A few days cycling around the Isle of Wight

A few days cycling around the Isle of Wight

The barriers lifted and we bumped our bikes over the rumble strips and up the ramp. Behind us, motorbikes revved up and children scampered back into their campervans. It was 5pm on a warm, muggy Friday evening in August and it was clear that the weekend couldn’t start soon enough for the waiting passengers.

Ushered to the front of the boat, we lent the bikes against the raised exit ramp, asking twice to make sure that there was no risk of the ramp deploying mid-voyage sending our bikes for a dip in the Solent. Across the water, beyond the white sails of yachts making use of the evening breeze, the Isle of Wight stretched out hazily on the horizon. 

Laura on the ferry on the way to the Isle of Wight
Laura on the ferry on the way to the Isle of Wight

I can only recall making the short ferry journey a couple of times. Six years ago, the Rolling Stones and Muse headlined in the early summer sunshine to help make my first festival my all-time favourite. A couple of years later, Laura and I spent the weekend at a golf and country club on the island’s east coast attending the wedding of good friends of ours.

However, on both occasions I had the feeling that there was plenty more to see. After our French mini-tour earlier this year, we were keen to get another one booked before the summer faded away. Scanning opencyclemap.org for inspiration of cycle routes within a couple of hours train journey from London, the small land mass off the south coast caught my eye.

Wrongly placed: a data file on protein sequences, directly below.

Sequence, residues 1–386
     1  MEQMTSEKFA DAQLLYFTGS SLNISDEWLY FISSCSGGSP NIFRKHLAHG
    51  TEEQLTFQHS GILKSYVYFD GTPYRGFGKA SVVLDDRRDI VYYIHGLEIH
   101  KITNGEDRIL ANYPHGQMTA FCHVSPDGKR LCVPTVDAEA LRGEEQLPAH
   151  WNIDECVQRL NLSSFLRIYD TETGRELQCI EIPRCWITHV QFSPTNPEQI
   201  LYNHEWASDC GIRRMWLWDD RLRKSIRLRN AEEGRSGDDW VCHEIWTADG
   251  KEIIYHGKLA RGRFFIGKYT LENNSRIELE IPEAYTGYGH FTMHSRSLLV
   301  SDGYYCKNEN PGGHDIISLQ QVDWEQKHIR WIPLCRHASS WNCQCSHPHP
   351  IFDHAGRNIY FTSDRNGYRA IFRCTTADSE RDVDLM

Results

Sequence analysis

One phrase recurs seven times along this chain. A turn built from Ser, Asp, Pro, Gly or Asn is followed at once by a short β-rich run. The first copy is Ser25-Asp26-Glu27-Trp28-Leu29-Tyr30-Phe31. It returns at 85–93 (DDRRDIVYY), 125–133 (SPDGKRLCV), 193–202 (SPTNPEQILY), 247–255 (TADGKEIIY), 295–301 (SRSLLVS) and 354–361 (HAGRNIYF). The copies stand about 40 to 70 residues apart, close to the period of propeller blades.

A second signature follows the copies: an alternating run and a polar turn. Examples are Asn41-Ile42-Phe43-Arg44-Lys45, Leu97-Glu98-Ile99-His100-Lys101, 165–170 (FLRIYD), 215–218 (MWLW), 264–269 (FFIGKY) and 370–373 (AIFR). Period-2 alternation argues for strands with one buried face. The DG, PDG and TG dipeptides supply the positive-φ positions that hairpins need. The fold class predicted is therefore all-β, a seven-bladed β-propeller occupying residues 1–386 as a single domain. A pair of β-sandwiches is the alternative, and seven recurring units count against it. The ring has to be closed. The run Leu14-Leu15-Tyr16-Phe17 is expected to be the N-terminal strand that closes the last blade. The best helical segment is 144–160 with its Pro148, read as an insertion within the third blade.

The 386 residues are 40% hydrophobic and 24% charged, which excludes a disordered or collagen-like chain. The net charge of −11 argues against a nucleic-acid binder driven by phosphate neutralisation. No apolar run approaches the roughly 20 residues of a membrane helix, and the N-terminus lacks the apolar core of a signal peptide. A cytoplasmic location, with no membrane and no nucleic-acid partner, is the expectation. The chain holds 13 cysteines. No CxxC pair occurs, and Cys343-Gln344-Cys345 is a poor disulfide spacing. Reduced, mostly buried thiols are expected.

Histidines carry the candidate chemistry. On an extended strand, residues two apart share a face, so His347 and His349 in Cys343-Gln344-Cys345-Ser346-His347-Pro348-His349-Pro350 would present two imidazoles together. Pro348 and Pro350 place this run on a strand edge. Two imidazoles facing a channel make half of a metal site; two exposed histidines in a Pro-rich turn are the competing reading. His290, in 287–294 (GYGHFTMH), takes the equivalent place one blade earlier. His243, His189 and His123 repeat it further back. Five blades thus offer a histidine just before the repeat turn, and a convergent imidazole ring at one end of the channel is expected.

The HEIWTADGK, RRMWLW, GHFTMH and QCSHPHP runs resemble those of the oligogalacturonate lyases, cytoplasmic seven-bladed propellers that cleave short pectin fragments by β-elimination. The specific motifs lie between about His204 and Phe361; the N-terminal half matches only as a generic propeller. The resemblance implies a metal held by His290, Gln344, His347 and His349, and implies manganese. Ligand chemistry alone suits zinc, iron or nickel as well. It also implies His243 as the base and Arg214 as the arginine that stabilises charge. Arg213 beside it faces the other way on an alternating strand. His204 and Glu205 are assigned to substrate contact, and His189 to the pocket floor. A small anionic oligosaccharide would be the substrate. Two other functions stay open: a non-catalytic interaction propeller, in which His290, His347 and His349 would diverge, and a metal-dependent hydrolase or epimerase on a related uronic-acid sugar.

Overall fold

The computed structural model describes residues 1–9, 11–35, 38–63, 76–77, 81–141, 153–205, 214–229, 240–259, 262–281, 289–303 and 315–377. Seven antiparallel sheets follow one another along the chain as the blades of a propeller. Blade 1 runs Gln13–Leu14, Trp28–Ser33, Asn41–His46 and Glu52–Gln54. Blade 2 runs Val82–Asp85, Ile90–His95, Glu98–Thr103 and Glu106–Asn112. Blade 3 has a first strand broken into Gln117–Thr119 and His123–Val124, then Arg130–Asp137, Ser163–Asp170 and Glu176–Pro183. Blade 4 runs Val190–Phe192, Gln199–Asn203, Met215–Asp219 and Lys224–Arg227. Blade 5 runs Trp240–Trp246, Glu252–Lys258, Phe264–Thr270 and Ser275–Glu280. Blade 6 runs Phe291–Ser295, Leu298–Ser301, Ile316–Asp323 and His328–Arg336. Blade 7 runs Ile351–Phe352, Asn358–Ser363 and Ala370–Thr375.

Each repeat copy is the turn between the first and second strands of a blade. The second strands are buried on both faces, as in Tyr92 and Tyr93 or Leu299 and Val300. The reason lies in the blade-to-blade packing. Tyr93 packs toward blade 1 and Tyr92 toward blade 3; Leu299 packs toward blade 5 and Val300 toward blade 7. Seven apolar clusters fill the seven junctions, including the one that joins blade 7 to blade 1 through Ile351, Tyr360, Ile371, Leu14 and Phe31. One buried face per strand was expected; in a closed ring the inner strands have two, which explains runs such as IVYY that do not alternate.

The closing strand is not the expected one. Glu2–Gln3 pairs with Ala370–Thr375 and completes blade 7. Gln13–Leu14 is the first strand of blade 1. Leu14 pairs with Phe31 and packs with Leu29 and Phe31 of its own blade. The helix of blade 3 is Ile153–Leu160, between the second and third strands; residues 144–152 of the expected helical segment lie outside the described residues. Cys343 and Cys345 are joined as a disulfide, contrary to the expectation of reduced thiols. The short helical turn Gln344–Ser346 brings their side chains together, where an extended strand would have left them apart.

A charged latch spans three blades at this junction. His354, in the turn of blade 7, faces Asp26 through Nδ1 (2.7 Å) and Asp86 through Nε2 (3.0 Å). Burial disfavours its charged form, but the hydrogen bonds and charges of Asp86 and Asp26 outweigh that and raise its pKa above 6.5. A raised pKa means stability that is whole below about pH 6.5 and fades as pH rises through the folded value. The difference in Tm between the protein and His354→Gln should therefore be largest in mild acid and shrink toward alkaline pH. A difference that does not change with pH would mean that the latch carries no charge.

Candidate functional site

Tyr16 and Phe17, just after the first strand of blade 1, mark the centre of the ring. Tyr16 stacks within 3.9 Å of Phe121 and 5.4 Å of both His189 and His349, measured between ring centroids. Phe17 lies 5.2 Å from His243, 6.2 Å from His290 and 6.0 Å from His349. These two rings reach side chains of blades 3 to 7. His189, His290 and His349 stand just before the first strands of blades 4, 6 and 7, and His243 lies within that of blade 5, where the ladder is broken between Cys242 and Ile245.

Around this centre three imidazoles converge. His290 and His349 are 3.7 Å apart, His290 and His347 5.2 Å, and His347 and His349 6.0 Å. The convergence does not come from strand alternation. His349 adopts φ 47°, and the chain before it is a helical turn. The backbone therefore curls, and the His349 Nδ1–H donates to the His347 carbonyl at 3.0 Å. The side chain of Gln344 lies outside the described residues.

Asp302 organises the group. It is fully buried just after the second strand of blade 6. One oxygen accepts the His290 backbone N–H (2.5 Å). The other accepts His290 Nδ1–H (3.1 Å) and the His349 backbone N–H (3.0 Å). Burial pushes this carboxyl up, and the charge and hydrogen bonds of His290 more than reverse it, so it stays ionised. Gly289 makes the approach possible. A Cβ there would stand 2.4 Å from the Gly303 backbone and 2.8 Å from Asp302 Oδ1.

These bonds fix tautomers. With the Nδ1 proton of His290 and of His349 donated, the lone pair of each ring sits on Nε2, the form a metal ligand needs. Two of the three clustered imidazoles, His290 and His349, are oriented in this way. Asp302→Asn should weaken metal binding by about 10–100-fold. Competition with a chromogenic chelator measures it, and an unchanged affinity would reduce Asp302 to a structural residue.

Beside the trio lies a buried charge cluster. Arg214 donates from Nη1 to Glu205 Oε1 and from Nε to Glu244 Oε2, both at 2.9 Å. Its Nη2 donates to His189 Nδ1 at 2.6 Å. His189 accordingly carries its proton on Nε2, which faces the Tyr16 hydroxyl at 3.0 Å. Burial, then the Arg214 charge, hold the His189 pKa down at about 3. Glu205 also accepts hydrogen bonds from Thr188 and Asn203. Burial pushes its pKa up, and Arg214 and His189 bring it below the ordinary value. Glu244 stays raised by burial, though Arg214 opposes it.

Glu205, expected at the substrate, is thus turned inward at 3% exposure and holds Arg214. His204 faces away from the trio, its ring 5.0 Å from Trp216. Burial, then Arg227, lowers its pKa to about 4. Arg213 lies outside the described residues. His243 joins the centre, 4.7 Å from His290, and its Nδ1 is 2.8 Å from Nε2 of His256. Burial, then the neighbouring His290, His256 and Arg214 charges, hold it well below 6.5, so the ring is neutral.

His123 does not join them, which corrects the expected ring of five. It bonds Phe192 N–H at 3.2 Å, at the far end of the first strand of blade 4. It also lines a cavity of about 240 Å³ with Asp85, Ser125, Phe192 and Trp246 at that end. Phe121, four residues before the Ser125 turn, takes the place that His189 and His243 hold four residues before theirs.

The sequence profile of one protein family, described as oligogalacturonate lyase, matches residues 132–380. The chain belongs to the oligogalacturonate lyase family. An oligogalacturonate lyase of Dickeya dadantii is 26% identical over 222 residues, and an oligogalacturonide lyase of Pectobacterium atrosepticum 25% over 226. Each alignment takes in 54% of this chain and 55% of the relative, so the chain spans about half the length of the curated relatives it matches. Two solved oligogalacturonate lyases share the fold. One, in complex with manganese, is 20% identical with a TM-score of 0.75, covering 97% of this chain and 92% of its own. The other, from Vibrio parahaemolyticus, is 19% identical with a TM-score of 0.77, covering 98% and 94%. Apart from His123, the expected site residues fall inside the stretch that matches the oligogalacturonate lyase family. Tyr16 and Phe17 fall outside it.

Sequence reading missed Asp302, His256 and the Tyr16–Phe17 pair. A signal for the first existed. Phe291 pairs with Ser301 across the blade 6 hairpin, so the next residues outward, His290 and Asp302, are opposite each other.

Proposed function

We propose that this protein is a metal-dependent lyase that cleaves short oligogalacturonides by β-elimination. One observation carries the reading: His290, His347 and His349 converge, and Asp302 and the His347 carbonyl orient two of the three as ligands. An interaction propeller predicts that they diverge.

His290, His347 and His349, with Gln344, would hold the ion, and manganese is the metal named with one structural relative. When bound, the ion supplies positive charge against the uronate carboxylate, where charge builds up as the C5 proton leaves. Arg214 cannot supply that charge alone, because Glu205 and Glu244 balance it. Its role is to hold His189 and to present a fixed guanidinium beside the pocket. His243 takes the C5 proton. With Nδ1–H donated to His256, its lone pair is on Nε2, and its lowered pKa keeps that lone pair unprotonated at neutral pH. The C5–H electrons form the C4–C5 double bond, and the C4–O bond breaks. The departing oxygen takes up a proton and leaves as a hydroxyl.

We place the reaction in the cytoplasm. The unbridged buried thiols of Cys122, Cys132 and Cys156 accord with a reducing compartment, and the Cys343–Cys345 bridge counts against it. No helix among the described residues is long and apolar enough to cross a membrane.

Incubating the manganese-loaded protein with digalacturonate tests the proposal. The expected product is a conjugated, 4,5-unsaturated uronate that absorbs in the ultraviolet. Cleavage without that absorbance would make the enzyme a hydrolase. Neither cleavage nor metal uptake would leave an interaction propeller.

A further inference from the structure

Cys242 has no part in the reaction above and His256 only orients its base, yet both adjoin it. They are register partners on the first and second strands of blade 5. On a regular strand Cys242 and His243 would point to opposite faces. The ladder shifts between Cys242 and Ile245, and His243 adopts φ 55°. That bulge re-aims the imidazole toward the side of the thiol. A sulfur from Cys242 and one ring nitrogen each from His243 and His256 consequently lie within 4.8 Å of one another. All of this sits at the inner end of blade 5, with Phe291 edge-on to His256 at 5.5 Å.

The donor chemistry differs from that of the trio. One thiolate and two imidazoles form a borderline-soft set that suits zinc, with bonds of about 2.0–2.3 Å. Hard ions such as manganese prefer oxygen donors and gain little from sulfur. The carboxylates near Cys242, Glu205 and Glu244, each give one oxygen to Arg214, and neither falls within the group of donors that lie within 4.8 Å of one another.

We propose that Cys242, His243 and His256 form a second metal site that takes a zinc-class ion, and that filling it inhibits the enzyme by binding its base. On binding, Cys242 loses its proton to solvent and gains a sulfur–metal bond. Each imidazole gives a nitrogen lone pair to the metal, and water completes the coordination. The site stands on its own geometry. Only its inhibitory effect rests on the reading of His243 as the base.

On closer inspection, a thin red line traced its way around the coastline weaving in and out following quieter roads. Also, being a popular holiday destination, plenty of caravan and camping parks were dotted around the island which meant we could dust down our South American tent and give it an outing.

Mooring in Fishbourne, we waited in a layby for the vehicles to pass before moving off.  Stocking up on several ready-made G&Ts and pasta salads, we pedalled for 10 minutes reach to Stoat’s Hill campsite where we then spent the same amount of time or more procrastinating on where we should pitch our tent.  Having a choice of where to camp was a luxury that occurred infrequently in South America.

Stopping for a pub lunch.
Stopping for a pub lunch.

With the dusty Hilleberg raised in a flash, we lazed on the grass scanning the sky for the Red Arrows that occasionally whizzed above our heads on their way to perform at the end of Cowes Week.

We each had a paperback to read and had agreed not to bring any distractions so left our phones and tablets at home. Despite not having the justification of having done any real cycling that day, leaning on therma-rests and reading by head torch in the tent was a recipe for an early night.

The early morning entertainment was provided courtesy of red squirrels in the braches above our tent – the Isle of Wight being one